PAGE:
Construyen el diccionario, y lo personalizan acorde con las necesidades propias



Interactúan con los desarrolladores del sistema

Se requiere que los traductores tengan: 

Actitudes positivas



Respuestas innovadoras



Espíritu de superación

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RECOPILACIÓN DE HABILIDADES

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Habilidades cognitivas 

Buen conocimiento del sistema



Ser capaz de deducir el origen de un mal resultado en la traducción



Buen conocimiento de los efectos en el texto meta



Conocer la jerga informática y comunicarse con ella

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Destrezas 

Dominar el uso del teclado y otros periféricos del ordenador



Dominar las funciones avanzadas de los programas informáticos. Ejemplo, el procesador de textos



Elaborar pequeños programas (ej. Macroinstrucciones)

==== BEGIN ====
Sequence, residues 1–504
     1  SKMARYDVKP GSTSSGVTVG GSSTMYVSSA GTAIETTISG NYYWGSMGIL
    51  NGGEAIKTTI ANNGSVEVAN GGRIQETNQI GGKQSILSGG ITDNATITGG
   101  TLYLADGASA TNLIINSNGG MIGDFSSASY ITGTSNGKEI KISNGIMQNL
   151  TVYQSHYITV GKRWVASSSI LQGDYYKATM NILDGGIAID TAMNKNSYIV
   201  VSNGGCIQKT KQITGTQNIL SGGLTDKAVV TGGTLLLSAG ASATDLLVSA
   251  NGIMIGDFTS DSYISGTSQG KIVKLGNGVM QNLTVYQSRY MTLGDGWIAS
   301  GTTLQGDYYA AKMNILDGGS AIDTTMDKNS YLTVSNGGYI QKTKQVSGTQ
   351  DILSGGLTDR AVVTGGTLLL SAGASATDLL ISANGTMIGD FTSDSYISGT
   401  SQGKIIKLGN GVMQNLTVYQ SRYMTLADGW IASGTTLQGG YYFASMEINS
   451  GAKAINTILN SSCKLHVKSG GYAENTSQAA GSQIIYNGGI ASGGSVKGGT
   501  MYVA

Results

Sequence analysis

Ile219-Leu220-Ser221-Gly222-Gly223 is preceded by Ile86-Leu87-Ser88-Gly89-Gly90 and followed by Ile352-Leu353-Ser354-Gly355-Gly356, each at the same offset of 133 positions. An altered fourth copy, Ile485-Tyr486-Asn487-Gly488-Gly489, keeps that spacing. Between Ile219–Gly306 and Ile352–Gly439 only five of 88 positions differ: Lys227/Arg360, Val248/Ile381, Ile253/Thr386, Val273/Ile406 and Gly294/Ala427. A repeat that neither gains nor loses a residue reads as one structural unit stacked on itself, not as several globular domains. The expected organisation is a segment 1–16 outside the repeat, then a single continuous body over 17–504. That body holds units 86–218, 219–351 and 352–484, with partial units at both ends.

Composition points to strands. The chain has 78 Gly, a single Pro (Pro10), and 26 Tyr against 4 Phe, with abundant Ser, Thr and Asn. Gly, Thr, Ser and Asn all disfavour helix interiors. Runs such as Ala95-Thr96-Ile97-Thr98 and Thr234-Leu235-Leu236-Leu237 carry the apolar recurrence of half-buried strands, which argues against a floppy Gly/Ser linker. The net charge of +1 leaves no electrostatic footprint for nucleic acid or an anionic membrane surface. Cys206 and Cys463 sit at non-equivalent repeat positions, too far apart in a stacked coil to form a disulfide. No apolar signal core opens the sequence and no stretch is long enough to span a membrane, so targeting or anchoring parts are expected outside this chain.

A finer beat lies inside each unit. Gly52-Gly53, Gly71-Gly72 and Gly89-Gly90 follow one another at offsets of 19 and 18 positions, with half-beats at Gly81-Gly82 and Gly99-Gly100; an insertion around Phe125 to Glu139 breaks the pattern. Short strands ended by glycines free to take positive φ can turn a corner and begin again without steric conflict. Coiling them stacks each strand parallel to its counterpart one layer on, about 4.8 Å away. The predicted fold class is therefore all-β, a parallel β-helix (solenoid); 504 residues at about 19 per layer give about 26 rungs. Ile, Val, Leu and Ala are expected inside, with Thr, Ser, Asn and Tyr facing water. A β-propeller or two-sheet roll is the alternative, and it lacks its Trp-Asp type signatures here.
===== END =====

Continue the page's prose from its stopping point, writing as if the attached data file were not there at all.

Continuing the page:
Saber trabajar en equipo con informáticos



Saber instalar programas, activar plugins

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Destrezas (2) 

Desarrollar la habilidad de pensar en términos binarios



Saber anticipar problemas potenciales (Detectar las palabras que pueden dar problemas en la traducción por ser ambiguas e implementar una solución adecuada: inserción en diccionario, incrementar los textos proporcionados al sistema…



Diagnosticar el origen de los problemas



Identificar los aspectos del software que necesitan mejorarse



Destacar las mejoras cuya implementación representa mayor rentabilidad



Desarrollar reglas para hacer efectivas las mejoras del sistema



Saber plantear y describir las soluciones a los problemas del software de una manera lógica

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Actitudes 

Autonomía para seguir aprendiendo por sí mismo. Por ejemplo, usando un manual de instrucciones del programa